Yet the scene inside Transit Shed 1—or TS1, as its creators prefer it be called—is a world away from the rest of Myanmar, the poorest country in Asia after Afghanistan and Nepal. Contemporary art work featuring children with Burmese mythical dragons lines one wall, while a Who's Who of Myanmar society—everyone from former political prisoners to ambassadors—sip champagne with a host of young, wealthy, globetrotting compatriots.

It is opening night at the venue, part exhibition space and part retail venture. The brainchild of Ivan Pun, the 29-year-old Oxford-educated youngest son of one of Myanmar's richest tycoons, TS1 hopes to inject a new hip glamour to this decaying city that has undergone a celebrated political and economic transition in recent years after almost six decades of military rule.

And with hip, comes some eye-opening price tags. In an adjoining room, a bench made of teak from Myanmar's Shan state sells for $2,500. Blouses and other gifts carry labels for TS1's signature brand, MyanmarMade. Coming soon: The retail space will host a high-fashion showcase including designers like Proenza Schouler, purveyor of thousand-dollar satchels, and Prabal Gurung, the Nepalese-American fashion designer whose designs have been worn by the likes of Michelle Obama and Kate Middleton.

"We want to see if Myanmar is ready for something like this," Pun said later after the event, dressed in a black T-shirt and skinny jeans. "There is a thirst in consuming and buying that is not being satisfied."

Pun's vision is just the beginning of a new Myanmar, featuring glam and glitz that is funded, spearheaded and enjoyed by repatriates that escaped the country during its days under brutal military control. That dictatorship ended in 2011, when a new, nominally civilian government assumed power, and since then its leaders have loosened restrictions on public gatherings and opened the doors to foreign investment, leading Western governments to lift most economic sanctions. Now that Myanmar is embracing Western-style consumerism for the first time in more than a generation, Pun and his compatriots are playing tastemakers.

It doesn't seem to deter them that the country's gross domestic product per capita works out to only $1,700 per year, compared to $62,400 in Singapore or $52,800 in the U.S., according to the CIA World Factbook. Just behind the TS1 retail space, children prowl through garbage looking for toys to play with.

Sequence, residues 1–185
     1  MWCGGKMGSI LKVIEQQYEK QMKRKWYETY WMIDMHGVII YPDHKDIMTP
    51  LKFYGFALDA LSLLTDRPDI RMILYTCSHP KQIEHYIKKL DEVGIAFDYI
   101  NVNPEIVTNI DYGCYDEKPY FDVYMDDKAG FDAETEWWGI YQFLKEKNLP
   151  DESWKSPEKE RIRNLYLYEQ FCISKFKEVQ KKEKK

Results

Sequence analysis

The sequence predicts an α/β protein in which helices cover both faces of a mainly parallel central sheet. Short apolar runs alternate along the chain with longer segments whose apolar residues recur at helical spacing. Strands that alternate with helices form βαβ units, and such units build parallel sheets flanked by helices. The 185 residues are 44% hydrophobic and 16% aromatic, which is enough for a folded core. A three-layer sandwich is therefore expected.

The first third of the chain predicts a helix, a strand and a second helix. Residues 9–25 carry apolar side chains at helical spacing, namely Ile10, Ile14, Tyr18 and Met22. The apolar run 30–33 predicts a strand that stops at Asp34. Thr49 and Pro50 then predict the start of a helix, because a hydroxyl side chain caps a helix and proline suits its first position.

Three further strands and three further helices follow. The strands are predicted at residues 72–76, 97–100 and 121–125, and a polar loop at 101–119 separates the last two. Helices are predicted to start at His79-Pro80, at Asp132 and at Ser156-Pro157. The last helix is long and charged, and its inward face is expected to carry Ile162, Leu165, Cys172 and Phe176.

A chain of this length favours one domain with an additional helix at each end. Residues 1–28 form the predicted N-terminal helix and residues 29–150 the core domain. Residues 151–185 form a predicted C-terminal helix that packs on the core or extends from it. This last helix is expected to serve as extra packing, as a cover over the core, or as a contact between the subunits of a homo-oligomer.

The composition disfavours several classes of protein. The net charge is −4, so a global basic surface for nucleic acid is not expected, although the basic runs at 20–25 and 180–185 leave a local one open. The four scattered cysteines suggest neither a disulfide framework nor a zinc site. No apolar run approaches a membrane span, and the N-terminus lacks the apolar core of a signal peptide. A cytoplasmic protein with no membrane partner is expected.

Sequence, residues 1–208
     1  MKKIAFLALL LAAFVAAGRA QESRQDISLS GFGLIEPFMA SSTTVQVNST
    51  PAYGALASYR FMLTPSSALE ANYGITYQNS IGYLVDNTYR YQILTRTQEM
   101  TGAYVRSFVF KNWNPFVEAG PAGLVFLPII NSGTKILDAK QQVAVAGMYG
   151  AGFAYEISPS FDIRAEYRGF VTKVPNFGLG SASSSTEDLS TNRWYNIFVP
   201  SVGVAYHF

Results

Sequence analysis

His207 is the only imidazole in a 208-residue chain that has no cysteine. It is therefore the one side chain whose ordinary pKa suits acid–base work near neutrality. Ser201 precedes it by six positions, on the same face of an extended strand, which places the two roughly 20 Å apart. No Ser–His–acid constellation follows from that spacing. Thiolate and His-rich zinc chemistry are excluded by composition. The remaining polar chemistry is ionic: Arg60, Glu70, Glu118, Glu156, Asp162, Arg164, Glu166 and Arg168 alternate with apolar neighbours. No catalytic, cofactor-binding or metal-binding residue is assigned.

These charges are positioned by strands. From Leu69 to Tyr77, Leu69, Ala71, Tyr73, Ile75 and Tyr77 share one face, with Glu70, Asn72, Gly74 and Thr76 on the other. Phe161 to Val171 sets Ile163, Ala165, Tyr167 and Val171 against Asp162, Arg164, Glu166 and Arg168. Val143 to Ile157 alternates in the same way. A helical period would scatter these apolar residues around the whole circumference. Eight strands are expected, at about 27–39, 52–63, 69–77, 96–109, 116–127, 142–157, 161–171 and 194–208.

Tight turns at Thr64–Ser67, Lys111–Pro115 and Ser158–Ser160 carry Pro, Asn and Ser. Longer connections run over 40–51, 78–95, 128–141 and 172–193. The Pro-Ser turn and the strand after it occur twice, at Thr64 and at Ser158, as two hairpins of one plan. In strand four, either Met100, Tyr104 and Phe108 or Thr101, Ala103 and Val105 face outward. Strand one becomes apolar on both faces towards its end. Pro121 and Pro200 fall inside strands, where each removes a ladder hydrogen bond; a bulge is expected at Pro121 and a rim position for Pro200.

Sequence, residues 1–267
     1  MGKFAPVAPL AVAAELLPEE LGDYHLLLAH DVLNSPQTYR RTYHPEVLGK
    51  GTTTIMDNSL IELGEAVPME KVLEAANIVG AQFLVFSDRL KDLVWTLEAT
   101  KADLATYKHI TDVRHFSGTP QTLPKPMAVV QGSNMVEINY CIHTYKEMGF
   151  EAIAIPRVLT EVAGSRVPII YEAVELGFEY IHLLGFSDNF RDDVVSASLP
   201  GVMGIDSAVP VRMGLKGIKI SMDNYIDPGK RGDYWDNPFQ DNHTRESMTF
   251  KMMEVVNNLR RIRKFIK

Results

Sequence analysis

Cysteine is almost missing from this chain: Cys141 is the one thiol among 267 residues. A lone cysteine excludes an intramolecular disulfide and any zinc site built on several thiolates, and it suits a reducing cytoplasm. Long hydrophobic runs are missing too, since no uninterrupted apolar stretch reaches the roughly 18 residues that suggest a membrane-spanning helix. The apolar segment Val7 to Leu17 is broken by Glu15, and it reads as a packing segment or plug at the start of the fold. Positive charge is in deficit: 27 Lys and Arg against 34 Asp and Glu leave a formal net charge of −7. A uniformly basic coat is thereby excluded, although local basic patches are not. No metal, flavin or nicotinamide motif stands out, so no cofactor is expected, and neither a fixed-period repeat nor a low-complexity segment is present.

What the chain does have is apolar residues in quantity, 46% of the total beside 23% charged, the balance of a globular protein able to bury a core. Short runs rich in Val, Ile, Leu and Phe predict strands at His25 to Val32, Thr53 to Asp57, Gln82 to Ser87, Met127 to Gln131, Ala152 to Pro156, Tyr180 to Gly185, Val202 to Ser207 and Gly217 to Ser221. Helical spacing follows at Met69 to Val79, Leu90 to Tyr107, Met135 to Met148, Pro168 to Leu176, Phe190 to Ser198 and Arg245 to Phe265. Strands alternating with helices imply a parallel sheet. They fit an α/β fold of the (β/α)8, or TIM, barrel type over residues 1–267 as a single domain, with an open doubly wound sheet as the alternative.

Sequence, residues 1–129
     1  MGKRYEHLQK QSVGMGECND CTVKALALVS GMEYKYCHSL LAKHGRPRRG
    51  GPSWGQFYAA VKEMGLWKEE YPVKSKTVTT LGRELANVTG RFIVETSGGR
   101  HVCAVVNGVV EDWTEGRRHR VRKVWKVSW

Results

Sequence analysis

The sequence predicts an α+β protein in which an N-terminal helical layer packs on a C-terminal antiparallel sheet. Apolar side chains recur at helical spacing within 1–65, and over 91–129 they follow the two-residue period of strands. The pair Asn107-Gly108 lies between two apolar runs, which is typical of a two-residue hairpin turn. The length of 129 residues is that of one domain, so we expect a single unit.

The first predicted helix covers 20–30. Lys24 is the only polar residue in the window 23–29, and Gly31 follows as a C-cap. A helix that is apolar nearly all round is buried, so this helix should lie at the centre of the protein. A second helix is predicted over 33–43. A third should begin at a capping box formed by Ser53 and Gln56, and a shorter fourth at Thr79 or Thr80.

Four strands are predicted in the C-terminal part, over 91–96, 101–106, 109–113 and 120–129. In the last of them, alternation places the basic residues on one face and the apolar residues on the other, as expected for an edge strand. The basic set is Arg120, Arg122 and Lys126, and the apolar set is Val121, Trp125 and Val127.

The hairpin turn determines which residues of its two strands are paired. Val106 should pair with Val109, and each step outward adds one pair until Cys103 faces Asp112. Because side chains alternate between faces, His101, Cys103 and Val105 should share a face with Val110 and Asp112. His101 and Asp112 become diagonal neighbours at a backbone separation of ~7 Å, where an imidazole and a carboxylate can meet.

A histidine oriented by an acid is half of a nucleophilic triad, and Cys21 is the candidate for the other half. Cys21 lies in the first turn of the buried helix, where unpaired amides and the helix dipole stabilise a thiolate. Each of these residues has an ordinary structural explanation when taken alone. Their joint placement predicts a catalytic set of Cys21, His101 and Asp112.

People in Myanmar "have not yet developed taste as consumers," Pun says. It's like starting from scratch, he says. "Some markets are set in their preferences—like India and Indonesia—but here we can curate our offerings and bring designers that are interesting to fashion editors in London, New York and Paris rather than what is commercially available."

“ This vision is just the beginning of a new Myanmar, featuring glam and glitz that is funded and enjoyed by repatriates that escaped the country. ”
CUT OFF FROM the outside world for so long, tropical Myanmar is following a trail blazed earlier by countries such as Russia, Vietnam and China that unlocked new wealth when they embraced elements of capitalism after decades of isolation. Their openings spawned scores of first-generation millionaires and billionaires—some through legitimate businesses, others through corrupt or illegal means—and experts expect Myanmar to be no different.

The country's economic reforms are creating big new opportunities as authorities issue licenses for everything from banking to oil-and-gas exploration to mobile-phone networks. Wealth-X, a consultancy that specializes in tracking the rich, says there are currently only about 40 individuals considered ultra-high-net worth in Myanmar, with investible assets over $30 million. But it says this number could grow by more than seven times in the next decade—the fastest such pace of growth anywhere in the world, the consultancy says.

Signs of a New Money boom are already appearing. After prohibiting imports of foreign vehicles for years except for top generals, the government has eased restrictions, and now showrooms boast black Rolls Royce sedans and Jaguar sports cars. Residents see Ferraris, Bentleys, Porsches and even a Bugatti Veyron—the fastest street-legal car make in the world—alongside rusty taxis that would look more appropriate on a scrapheap.